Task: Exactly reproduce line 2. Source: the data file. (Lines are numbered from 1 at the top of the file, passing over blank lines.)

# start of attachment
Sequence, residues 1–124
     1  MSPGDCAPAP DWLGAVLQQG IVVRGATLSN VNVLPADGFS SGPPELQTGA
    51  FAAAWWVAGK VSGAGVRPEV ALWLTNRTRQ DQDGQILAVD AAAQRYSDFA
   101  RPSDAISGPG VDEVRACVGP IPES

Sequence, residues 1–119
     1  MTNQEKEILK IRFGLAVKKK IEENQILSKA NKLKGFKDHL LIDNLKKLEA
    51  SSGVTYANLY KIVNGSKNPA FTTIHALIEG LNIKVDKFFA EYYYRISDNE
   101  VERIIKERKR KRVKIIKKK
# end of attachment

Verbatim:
     1  MSPGDCAPAP DWLGAVLQQG IVVRGATLSN VNVLPADGFS SGPPELQTGA